Japan is turning to what it does best to address its aging population and the resulting labor shortage: tech, in particular, automation.
According to The Independent, Japan’s population is expected to decline by as much as 40 million by 2065. The country ranks 11th in the world in terms of population but longer life expectancy and low birth rate hinder Japan from achieving a youthful workforce.
Prime Minister Shinzo Abe and his government had to come up with creative solutions to solve this problem. As reported in The Financial Review, the country has developed an interest in the field of regenerative medicine and wants to implement relaxed regulations in its clinical trials.
Meanwhile, another direct consequence of low birth rate is the lack of youth movement in the labor industry. Companies which do not give overtime pay to its overworked employees became the focus of the media spotlight recently. Per Nikkei Asian Review, Parcel delivery company Yamato Transport decided to increase its service fees for the first time in almost three decades to cover the higher wages.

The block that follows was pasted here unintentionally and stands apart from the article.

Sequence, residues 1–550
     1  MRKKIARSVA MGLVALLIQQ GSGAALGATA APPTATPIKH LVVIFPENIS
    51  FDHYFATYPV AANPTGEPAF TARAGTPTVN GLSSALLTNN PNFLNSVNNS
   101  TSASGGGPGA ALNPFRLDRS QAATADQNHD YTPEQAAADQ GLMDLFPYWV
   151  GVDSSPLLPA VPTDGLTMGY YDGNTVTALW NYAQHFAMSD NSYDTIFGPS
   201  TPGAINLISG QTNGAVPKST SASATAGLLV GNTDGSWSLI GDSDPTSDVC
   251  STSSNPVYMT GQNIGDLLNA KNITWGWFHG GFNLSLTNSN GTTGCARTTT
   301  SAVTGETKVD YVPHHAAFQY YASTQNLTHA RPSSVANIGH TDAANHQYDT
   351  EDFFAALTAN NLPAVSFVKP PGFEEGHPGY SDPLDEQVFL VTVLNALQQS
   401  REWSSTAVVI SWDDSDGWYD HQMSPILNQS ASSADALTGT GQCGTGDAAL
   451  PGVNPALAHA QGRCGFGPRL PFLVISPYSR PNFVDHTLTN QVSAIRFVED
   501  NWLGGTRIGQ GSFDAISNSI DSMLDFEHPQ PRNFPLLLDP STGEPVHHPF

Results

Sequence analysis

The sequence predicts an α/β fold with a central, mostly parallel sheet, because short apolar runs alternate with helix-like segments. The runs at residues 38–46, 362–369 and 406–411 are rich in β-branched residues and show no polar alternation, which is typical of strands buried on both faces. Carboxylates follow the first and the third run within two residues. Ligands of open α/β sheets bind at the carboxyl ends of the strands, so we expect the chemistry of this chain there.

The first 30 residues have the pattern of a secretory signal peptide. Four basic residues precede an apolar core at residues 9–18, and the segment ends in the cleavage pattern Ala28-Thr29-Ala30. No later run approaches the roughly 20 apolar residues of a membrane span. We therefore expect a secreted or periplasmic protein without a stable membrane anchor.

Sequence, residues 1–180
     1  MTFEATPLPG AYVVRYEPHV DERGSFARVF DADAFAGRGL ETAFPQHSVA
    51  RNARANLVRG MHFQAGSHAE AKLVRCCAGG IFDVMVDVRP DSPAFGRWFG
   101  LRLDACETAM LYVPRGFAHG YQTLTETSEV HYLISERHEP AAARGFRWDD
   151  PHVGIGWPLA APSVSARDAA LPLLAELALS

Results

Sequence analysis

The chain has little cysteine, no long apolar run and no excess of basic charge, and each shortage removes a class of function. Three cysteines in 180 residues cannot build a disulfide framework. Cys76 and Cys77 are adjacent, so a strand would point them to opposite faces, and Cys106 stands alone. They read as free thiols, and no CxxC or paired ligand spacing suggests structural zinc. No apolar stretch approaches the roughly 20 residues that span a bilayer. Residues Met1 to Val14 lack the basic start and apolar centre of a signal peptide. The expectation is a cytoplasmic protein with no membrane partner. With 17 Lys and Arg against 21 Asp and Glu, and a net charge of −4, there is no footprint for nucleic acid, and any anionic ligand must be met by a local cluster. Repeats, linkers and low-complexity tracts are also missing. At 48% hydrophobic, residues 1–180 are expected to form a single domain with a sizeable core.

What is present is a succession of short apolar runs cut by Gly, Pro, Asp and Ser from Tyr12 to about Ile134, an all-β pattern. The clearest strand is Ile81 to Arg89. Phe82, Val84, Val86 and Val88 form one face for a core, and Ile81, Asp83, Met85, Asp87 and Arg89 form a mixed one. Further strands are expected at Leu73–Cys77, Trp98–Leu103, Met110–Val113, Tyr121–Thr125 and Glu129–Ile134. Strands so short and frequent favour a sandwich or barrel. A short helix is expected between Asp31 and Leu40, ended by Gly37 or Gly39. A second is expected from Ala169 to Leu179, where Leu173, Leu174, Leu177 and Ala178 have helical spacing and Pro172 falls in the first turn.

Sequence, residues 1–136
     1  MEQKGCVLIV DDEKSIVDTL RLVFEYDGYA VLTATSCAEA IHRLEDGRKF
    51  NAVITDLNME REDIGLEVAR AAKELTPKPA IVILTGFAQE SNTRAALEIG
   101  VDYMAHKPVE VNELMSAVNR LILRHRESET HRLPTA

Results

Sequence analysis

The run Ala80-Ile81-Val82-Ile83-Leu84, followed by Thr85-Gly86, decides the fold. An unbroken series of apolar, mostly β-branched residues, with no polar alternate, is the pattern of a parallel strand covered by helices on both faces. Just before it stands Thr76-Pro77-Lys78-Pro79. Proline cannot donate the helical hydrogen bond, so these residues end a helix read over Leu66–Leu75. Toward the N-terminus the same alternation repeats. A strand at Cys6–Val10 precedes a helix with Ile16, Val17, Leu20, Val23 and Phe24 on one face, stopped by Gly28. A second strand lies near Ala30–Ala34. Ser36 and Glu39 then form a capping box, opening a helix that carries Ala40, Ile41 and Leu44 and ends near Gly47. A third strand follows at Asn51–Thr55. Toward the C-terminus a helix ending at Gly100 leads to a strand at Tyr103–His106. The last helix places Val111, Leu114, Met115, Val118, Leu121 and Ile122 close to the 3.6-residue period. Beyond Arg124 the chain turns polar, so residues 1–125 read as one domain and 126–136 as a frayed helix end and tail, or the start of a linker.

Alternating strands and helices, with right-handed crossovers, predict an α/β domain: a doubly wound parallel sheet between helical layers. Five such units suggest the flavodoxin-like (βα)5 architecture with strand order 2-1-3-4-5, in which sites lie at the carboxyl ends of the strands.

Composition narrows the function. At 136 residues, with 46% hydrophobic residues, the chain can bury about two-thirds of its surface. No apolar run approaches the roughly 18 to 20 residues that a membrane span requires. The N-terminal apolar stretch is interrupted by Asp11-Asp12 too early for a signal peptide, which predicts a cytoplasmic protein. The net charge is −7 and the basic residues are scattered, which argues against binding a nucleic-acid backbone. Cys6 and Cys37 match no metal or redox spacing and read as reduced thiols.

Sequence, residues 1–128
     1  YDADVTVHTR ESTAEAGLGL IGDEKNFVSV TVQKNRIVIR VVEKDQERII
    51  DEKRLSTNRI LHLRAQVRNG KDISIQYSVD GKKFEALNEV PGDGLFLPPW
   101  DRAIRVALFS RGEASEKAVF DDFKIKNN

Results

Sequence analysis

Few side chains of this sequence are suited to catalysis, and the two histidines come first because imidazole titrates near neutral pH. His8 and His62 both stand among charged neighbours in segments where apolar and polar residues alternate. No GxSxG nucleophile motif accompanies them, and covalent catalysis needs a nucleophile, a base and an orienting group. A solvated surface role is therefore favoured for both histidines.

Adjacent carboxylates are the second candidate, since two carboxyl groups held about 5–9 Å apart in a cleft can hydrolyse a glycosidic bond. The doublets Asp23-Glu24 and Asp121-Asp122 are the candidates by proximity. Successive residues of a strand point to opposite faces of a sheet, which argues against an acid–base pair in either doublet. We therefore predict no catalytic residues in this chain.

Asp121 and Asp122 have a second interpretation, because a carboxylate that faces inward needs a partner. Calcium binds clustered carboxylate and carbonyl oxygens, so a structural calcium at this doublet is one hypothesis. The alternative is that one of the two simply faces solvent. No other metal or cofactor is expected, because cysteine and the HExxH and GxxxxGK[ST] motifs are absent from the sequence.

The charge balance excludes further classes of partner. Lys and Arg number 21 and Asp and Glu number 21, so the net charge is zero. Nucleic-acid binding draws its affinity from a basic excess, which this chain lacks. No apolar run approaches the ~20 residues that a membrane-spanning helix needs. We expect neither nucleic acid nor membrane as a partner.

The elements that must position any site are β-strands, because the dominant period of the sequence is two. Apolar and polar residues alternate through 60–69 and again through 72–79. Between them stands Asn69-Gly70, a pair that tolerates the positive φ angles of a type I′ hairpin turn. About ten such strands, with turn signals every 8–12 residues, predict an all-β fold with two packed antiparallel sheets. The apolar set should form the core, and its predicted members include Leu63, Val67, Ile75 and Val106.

Yamato is even testing a new delivery service with e-commerce provider DeNA. The self-driving “robo-neko” or “robo-cat” vehicles are expected to bring shopping delivery to customers. If the latest gimmick fails to gain support, Japan has to look elsewhere to maximize its workforce.
Automation is seen as a quick and natural remedy due to rising wages, labor shortage and advanced technology. Japan has to open its doors to foreign workers to supply the gap in the local workforce, a process similar to Germany’s “Gastarbeiter” system. In the 1980s, companies lured in fresh graduates with perks such as lavish trips. As a result, the companies had more employees than what they could handle. Naturally, the jobs-to-applicants ratio declined.
In 2009, the companies have recovered and made drastic decisions in their hiring process. They have now favored the retirees and part-time workers. One silver lining in this situation is that it will push for efficient Japanese workers with the country’s productivity per hour worked only better than Trinidad and Tobago on the Organization for Economic Cooperation and Development’s rankings.